War Economies

When World War I broke out in 1914, few had foreseen that it would turn into a stalemate lasting for 4 years and that it would be decided by the physical exhaustion of one side of belligerents. The widespread sentiment was the boys will be home by christmas.
Britain declared a BLOCKADE of Germany's coasts, thus preventing imports from overseas to reach the country. Germany answered by sending out it's fleet of submarines (U-BOATS) in order to sink ships destined for Britain and France.
The war created a new situation, characterised by a huge consumption and demand for articles of war (weapons, ammunition, vehicles, uniforms, boots etc.), the task to find a replacement for the many workers who were called to arms, the task to deal with a very limited supply in raw matrerials and in consumer goods.

This problem was addressed by introducing a WAR ECONOMY, slightly different in the various belligerent nations. Elements of the war economy were (a) state interference (1) in form of the state managed distribution of scarce and critical raw materials, (2) in form of ordering certain factories to switch from consumer good production to the production of war essentials, (3) in form of ordering adult women to work in administrations, factories etc., (4) in form of price control for scarce consumer goods such as bread, sugar, fat (butter), meat, and the distribution of COUPONS to ensure that everybody gets his/her share.
Another element of the war economy was that (b) every individual citizen was asked to contribute additionally to the war effort by (1) signing WAR BONDS, (2) collect scarce raw materials (certain metals, such as lead), (3) plant VICTORY GARDENS (i.e. turn flowerbeds and lawns into vegetable gardens). (4) Women were asked to use energy-efficient cooking methods, such as HOTCHPOTCH.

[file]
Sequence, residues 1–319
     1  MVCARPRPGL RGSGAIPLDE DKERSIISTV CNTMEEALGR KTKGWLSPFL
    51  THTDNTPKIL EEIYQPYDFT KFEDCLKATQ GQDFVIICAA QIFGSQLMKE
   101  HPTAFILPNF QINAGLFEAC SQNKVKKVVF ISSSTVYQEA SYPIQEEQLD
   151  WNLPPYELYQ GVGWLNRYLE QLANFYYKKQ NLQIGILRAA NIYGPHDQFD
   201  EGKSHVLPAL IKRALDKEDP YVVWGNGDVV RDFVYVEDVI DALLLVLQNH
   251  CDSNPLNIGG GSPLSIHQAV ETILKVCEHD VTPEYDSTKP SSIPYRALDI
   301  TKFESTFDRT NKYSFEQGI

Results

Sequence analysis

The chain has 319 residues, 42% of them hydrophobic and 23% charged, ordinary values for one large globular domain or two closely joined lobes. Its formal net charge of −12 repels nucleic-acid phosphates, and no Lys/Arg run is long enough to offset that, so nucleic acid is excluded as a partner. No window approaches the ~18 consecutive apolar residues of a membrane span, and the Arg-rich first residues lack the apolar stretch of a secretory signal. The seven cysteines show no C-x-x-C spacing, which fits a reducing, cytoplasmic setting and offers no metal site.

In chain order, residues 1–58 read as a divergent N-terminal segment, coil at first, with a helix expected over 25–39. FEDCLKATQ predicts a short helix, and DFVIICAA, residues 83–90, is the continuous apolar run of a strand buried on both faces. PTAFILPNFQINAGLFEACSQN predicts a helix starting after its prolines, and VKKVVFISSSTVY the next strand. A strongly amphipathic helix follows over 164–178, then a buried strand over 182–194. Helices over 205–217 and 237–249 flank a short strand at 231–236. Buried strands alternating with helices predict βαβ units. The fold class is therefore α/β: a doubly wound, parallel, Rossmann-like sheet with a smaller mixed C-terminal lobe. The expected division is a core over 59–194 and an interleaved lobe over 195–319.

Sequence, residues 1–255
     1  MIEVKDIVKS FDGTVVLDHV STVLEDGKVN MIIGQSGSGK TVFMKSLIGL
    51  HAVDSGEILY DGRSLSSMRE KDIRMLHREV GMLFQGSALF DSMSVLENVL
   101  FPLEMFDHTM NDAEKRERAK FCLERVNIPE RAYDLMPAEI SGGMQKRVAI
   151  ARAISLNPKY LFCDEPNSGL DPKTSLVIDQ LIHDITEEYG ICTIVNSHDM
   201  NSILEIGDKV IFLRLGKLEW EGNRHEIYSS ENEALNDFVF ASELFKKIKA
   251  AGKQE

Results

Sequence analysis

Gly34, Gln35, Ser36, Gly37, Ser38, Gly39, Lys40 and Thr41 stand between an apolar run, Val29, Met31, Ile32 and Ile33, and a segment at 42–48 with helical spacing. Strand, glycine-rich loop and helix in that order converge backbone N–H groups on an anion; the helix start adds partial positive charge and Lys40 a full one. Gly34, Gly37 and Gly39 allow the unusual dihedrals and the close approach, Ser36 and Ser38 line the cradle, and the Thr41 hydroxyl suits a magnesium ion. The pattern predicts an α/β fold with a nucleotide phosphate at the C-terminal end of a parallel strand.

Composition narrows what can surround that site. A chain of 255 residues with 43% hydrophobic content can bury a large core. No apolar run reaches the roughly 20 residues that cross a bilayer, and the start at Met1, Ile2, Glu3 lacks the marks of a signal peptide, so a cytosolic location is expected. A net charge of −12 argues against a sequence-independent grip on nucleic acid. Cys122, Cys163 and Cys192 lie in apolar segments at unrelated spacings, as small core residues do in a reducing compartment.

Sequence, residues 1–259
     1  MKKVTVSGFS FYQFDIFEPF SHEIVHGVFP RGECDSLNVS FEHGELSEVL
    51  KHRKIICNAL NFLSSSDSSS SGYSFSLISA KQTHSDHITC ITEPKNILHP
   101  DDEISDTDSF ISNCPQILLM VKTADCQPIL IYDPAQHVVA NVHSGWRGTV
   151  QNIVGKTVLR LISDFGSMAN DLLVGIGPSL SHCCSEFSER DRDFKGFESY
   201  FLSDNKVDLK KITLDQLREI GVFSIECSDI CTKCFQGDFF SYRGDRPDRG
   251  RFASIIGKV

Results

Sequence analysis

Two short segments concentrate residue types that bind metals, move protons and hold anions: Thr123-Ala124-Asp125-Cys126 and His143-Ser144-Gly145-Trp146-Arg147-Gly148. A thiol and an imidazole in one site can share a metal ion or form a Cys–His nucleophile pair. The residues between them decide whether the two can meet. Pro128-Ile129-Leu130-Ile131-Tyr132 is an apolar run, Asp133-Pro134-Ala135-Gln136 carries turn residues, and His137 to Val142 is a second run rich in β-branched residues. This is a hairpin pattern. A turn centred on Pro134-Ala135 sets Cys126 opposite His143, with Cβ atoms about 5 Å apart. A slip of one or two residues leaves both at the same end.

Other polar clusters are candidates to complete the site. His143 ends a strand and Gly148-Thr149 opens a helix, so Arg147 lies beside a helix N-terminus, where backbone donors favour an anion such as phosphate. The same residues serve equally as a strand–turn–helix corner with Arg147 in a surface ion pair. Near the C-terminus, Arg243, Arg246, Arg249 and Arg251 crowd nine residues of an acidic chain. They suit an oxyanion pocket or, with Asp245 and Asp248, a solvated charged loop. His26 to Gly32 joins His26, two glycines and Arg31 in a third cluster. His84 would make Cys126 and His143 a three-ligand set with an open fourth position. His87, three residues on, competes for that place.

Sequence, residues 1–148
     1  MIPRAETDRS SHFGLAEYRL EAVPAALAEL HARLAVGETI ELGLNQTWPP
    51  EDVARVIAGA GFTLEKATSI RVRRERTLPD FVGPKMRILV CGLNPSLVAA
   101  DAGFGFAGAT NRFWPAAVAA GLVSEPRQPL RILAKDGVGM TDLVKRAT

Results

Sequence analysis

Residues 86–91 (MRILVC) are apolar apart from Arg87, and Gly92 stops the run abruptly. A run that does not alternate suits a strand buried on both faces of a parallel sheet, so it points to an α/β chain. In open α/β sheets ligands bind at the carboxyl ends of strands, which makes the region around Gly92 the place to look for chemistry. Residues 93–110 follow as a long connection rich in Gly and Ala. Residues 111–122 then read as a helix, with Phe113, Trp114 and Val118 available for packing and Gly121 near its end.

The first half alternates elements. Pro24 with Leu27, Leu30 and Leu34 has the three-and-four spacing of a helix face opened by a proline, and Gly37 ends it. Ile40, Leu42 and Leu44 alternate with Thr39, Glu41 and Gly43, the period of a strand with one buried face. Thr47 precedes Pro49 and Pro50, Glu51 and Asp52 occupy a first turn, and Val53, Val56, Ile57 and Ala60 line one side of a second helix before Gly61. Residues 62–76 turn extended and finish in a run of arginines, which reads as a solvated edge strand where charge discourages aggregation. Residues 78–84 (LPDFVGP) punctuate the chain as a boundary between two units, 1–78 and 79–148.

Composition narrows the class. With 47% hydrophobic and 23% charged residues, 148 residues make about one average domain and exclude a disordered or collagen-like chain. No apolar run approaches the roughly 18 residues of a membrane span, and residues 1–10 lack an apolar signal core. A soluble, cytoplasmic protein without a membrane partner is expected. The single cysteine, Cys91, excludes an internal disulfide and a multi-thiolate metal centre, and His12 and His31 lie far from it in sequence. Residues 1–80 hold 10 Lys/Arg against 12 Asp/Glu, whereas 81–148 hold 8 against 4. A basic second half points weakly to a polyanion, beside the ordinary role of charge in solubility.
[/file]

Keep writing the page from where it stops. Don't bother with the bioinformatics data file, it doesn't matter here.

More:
These combined efforts did not prevent that all belligerents suffered from severe SHORTAGE in many areas. Lack of food soon became critical. Britain, which had little agriculture left as it had grown dependent on food imports from it's colonies, had to reconvert pasture into farmland and still struggled to produce enough food. In Germany the lack of imported FERTILIZER and insufficient workforce resulted in a drop of food production to one third of prewar level.
There was not only a decline in food quantity, but also in quality. Tasty and nutricious vegetables were replaced by ones which grew fast and required little fertilizer. Bakers added fill-ups such as saw dust to flour, to bake more bread from the limited amount of flour they had (KOMMISSBROT).

There was still a general lack of many goods, bad in England, France, Italy, worse in Germany and Austria-Hungary, worst in Russia. A side-effect of the war economy was the BLACK MARKET; buying and selling there was penalized, and police RAZZIAS were conducted to suppress it. The universities were asked to focus their energies on research of ERSATZSTOFFE (synthetic replacements of scarce war esentials) such as rubber, fertilizer, explosives. German chemists developed synthetical explosives and synthetical rubber during the war, synthetical fertilizer soon afterward.
The war lead to improvements in weaponry, especially in aircraft.

The Entente powers had to take up huge loans from American banks in order to finance the war - the United States, neutral until late in 1917, was profiting from the war as many markets were opening to their industries (the British and Germans, their old competitors, now had to focus on the war).

In 1917 the Russian Revolution broke out; now the western Entente powers, in a desperate attempt to keep Russia in the war, attempted to supply the country via (neutral) Persia; too late.
1917 saw a hunger winter in Germany as well, with considerable numbers of people actually starving to death. In Russia people were willing to end the war, at any cost, a sentiment Lenin used for his OCTOBER REVOLUTION. Germany, in the spring of 1918, searched a decesion - either a quick victory of a quick end of the war; the country could not bear continued warfare.

The Impact of WW I on the Economy : Belligerent Countries

France Germany Austria Russia

The Impact of WW I on the Economy : Neutral Countries

Netherlands Switzerland Spain


This page is part of World History at KMLA
Last revised on February 15th 2002

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